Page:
4
$\begingroup$

I think most of us know the notion Shoup introduced of KEM/DEM (Key Encapsulation Mechanism / Data Encapsulation Mechanism) which is used for example by the (famous) ECIES, where the key is the hash of some random element which can only be recovered by the legitimate owner of the private key and the sender.

Now Bernstein et. al. "recently" proposed the code-based public key encryption system they call "McBits". McBits works similar to McEliece, meaning you introduce some random error into a "message" which only the owner of the private key can recover as only he has the necessary recovery "tools". In application the system chooses some random valid vector, uses the hash of this as key for Salsa20/Poly1305 and introduces the errors. The receiver can then use the decoding and the authentication check for integrity-confirmation. In their paper Bernstein et. al. claim McBits has IND-CCA2 security, however, I don't see any formal proof for this in the description of the PKCS.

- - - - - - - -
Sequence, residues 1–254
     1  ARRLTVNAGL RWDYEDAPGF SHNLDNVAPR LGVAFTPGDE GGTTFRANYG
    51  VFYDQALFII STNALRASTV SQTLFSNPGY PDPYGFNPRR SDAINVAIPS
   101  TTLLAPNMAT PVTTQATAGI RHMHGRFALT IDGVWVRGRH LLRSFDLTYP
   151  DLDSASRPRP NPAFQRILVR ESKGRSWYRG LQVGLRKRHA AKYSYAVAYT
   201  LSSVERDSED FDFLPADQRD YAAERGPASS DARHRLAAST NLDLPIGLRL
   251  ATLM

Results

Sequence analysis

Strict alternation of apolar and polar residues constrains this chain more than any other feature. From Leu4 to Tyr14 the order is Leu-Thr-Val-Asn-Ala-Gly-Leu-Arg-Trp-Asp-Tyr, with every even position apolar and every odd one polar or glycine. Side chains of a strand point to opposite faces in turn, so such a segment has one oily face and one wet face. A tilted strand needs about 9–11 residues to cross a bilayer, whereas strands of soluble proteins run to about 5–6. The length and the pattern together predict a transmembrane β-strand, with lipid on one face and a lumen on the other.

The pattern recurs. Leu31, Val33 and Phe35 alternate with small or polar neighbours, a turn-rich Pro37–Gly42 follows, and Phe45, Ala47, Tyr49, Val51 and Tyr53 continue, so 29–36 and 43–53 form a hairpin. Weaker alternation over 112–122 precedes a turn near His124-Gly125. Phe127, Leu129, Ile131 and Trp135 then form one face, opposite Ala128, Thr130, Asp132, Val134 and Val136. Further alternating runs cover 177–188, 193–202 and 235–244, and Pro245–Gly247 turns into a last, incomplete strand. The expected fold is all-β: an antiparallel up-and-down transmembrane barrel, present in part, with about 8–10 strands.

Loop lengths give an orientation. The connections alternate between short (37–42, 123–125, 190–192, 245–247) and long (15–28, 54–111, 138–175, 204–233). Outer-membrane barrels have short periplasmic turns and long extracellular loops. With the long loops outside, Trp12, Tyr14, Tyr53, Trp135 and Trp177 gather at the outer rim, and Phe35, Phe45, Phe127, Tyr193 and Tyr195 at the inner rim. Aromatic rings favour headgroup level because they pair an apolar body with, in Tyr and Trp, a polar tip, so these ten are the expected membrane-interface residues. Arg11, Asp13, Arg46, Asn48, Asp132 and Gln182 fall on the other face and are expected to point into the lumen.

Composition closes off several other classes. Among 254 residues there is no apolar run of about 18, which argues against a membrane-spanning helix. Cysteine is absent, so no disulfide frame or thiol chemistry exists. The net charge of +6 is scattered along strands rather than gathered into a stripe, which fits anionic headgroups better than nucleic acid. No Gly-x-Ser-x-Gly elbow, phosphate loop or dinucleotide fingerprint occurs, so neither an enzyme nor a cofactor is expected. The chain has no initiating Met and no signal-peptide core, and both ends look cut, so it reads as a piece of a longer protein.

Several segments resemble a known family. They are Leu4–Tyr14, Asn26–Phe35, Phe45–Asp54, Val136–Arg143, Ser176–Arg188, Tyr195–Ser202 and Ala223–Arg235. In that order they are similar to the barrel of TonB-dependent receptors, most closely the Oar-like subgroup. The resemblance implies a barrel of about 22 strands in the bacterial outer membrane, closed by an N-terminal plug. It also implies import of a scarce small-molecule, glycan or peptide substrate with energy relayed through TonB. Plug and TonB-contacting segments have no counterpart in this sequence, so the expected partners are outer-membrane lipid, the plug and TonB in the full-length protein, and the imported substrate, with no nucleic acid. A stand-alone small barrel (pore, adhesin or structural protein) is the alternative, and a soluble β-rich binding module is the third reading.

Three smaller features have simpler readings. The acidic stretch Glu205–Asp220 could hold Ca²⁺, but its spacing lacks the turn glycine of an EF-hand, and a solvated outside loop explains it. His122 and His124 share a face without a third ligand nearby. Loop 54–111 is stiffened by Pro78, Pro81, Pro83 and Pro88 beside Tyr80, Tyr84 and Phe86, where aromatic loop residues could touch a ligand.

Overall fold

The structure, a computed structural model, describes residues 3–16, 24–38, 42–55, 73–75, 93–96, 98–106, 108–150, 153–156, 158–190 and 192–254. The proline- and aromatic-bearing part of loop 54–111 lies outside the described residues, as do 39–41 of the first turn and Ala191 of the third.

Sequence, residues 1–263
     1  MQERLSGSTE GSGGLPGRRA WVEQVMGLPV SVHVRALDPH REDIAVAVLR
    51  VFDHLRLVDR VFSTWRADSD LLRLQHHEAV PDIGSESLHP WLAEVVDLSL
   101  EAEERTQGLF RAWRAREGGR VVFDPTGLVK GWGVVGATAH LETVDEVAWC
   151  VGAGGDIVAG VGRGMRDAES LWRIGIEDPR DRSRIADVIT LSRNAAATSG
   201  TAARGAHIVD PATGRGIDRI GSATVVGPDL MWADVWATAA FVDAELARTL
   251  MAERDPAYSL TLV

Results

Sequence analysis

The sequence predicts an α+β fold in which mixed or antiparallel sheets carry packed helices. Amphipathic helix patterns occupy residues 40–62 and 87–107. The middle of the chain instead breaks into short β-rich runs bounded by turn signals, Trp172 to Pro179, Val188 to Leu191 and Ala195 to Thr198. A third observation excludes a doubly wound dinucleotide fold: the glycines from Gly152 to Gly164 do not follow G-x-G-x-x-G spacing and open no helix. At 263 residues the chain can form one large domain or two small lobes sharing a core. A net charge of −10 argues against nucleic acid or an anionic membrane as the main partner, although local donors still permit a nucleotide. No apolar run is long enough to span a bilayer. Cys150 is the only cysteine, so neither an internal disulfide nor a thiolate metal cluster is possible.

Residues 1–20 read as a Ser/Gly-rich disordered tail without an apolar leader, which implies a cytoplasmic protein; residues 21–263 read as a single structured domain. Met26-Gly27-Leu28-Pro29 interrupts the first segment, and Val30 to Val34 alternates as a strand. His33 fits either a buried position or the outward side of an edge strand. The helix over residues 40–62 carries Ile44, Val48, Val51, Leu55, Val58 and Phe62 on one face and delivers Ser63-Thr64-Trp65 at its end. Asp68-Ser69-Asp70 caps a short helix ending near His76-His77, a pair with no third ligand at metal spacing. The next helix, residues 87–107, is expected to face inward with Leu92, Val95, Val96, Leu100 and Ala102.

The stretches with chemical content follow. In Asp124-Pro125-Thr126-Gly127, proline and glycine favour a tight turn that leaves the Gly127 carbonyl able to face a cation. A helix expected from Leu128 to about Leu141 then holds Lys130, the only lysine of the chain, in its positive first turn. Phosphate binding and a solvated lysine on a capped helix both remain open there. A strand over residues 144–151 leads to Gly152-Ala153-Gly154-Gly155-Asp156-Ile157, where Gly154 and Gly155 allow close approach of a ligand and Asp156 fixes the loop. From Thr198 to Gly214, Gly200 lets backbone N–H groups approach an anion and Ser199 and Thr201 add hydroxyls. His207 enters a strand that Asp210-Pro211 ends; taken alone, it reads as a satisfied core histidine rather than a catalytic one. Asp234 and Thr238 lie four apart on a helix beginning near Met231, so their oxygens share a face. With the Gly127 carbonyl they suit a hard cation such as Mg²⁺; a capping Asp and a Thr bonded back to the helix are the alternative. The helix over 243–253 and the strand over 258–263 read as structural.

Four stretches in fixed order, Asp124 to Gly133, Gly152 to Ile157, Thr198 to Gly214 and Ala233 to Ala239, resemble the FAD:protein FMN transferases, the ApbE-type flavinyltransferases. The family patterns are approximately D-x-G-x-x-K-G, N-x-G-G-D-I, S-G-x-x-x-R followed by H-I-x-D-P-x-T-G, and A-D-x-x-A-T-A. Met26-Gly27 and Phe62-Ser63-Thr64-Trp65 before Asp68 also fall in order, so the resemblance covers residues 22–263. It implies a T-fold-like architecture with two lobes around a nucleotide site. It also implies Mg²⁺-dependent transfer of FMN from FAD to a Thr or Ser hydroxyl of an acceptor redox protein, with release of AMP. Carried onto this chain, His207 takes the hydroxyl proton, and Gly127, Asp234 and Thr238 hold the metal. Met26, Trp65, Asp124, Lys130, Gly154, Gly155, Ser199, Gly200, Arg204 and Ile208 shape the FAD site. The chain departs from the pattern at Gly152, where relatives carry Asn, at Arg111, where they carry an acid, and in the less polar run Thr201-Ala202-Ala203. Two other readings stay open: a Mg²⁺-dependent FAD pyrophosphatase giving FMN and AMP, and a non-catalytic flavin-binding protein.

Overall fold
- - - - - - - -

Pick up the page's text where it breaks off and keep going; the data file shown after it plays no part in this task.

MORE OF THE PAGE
I think that the IND-CCA2 security comes from the fact that they're using the KEM/DEM construction.

Hence my question:
What security assurances does the asymmetric primitive have to provide in order for the whole integrated encryption scheme (IES) to be secure?

$\endgroup$

Your Answer

By clicking “Post Your Answer”, you agree to our terms of service, privacy policy and cookie policy

Browse other questions tagged or ask your own question.